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Text-To-Speech (Speech Synthesis)

With the proper hardware and software, the computer can create speech from text on the screen. The process is called speech synthesis or text-to-speech.

Macintosh
SimpleText (OS 9) and TextEdit (OS X) are free programs that come with Macintosh computers. They can read all or part of any "text" file in several voices. SimpleText and TextEdit are not exactly like a word processing program, because they do not have many of the features (no spell check, no bulleted lists, no columns, etc). They will allow students to type stories, and will bring in other text files (such are those from the Gutenberg Project described below). 

To try out the speech ("text-to-speech") features of SimpleText...
  • Start SimpleText or TextEdit. If you cannot find it, use Command F to search for it. Notice that the name contains no spaces.
  • Type one or two sentences.
  • Highlight all or part of the text you have just typed.
  • From the Sound menu, choose Speak Selection. NOTE: You can also highlight nothing and choose Speak All from the Sound menu. Choose a different voice (Sound-->Voices) and speak all or a selection again. NOTE: The voices "Carlos" and "Catalina" are written to correctly pronounce Spanish.
  • < style="font-family: helvetica,arial,sans-serif;">
  • When you find a voice you like, ask your students to type a story and have the computer read it to them.
TextEdit (newer Mac systems) is slightly different. The program should be in the Applications-->Utilities folder. You should still begin by typing something. Then choose Speech-->Start Speaking from the Edit menu. You may be able change voices in System Preferences-->Speech-->Default Voice.

Windows
You can download (copy form the Internet) free copies of text-to-speech programs for Windows. Look for Microsoft Reader (http://www.microsoft.com/reader/downloads/default.asp) or Natural Voice Text to Speech Reader (available from http://www.tucows.com/ - use the search feature to find it).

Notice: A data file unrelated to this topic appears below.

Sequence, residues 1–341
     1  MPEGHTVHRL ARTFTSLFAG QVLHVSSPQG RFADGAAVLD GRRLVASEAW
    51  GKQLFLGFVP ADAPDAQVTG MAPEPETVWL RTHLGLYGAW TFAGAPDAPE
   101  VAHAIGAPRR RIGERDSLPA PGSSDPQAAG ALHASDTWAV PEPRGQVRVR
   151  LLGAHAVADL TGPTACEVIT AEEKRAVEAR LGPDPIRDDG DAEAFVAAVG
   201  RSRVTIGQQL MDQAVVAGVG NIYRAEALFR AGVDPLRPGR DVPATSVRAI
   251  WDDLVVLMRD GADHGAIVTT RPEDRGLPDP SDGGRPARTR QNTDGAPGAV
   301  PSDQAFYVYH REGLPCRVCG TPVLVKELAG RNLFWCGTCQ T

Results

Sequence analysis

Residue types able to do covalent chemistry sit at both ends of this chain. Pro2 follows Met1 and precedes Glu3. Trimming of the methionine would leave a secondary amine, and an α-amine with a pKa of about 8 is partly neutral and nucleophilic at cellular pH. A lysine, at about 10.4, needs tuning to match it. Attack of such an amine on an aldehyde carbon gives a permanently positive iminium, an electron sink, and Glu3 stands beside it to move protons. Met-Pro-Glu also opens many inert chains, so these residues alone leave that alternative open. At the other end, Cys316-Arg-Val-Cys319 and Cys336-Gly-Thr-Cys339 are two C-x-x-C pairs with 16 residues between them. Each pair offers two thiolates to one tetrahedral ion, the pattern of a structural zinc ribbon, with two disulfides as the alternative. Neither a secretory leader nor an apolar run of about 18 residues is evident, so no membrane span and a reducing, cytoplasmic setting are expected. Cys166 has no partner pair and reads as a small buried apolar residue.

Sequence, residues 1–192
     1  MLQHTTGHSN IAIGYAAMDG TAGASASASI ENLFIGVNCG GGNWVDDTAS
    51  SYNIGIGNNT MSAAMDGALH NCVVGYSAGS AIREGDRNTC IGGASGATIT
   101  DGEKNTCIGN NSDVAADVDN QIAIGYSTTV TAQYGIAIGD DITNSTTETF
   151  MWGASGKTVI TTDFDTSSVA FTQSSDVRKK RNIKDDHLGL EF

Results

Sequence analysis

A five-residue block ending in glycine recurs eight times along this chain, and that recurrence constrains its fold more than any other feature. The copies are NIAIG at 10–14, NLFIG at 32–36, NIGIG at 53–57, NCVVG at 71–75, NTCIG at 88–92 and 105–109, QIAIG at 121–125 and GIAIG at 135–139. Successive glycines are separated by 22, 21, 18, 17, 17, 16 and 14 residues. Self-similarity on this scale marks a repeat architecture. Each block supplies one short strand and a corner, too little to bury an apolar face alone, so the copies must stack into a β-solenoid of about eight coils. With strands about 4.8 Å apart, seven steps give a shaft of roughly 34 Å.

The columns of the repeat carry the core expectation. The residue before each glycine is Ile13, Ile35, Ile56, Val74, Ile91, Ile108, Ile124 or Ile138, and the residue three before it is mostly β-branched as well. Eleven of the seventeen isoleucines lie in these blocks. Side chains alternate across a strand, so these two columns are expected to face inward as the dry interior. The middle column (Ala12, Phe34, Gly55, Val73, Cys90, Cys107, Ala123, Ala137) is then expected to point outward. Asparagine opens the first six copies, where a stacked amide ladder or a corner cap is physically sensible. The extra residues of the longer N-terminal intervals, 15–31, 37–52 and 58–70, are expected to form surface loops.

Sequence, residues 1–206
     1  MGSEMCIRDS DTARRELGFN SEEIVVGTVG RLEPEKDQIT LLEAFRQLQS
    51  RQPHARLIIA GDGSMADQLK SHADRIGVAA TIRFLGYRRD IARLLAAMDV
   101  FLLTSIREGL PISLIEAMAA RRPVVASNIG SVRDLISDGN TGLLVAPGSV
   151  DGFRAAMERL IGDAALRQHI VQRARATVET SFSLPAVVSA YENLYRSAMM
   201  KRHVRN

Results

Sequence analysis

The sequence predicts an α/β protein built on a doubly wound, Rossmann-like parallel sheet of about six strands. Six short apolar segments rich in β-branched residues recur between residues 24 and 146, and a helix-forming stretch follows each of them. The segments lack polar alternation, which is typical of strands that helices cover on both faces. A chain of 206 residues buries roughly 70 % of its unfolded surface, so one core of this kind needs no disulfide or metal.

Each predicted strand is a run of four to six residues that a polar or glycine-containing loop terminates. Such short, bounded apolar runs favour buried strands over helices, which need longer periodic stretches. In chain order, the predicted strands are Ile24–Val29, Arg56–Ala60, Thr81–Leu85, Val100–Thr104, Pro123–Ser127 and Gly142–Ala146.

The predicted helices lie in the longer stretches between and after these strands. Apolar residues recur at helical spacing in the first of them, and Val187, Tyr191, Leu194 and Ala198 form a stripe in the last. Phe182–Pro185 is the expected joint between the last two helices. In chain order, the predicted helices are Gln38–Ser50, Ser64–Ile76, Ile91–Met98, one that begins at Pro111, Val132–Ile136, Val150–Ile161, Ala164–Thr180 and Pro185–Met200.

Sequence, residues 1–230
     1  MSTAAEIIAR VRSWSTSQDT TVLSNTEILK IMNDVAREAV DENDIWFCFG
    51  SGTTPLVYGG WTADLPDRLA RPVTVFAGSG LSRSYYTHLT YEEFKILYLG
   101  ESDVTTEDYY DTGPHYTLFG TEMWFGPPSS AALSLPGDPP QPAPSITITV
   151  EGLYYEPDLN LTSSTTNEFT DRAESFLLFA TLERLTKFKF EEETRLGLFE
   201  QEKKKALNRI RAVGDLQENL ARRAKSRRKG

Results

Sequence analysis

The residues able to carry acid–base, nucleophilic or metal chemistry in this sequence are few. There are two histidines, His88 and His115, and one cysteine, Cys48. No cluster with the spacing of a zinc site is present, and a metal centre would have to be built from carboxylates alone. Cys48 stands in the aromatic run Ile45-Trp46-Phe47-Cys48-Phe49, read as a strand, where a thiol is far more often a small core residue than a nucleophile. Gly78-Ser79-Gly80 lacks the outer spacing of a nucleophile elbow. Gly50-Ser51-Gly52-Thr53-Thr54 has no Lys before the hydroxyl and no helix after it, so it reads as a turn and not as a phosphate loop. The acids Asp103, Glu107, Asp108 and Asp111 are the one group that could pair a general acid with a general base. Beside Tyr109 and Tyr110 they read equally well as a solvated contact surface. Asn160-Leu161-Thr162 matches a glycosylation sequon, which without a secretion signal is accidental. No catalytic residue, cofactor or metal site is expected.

Copies of Books and Other Publications (to have the computer read to your students)
Project Gutenberg has collected text file versions of many books, stories, poems, etc. that are in the public domain (i.e., they are not currently published commercial texts). You can download text files (copy them to your computer) for free. You may need to divide them up to into sections to be read (some text editors cannot hold many pages at once). If so, you can open the Gutenberg files in a word processing program, copy a section, and paste it into a new SimpleText (or other text-to-speech program) document. You can find these files at http://promo.net/pg/ (there are several other sites as well - see Teachers-->Online Books). Remember, if you are looking for current literature (like the Harry Potter series), you will not find it there.

Making a Talking Book with PowerPoint
If you have access to the PowerPoint program (part of Microsoft Office), you can make a "talking book." You can use PowerPoint to make slides shows. Think of each slide as a page (or part of a page) from a book. You can put text and graphics (pictures) on each "page" (slide). It is easy to record your voice reading the text to the student (technically this is not text-to-speech). For more details see http://www.csudh.edu/fisher/PPTBook.htm






Created by F. Fisher (ffisher@csudh.edu) for students at California State University, Dominguez Hills. Last updated 4/05. Disclaimer: The statements found on pages in this web site are for informational and instructional purposes only. While every effort is made to ensure that this information is up to date and accurate, official information can be found in the University publications. Links to commercial sites are for information purposes only; no promotion of particular commercial sites is intended.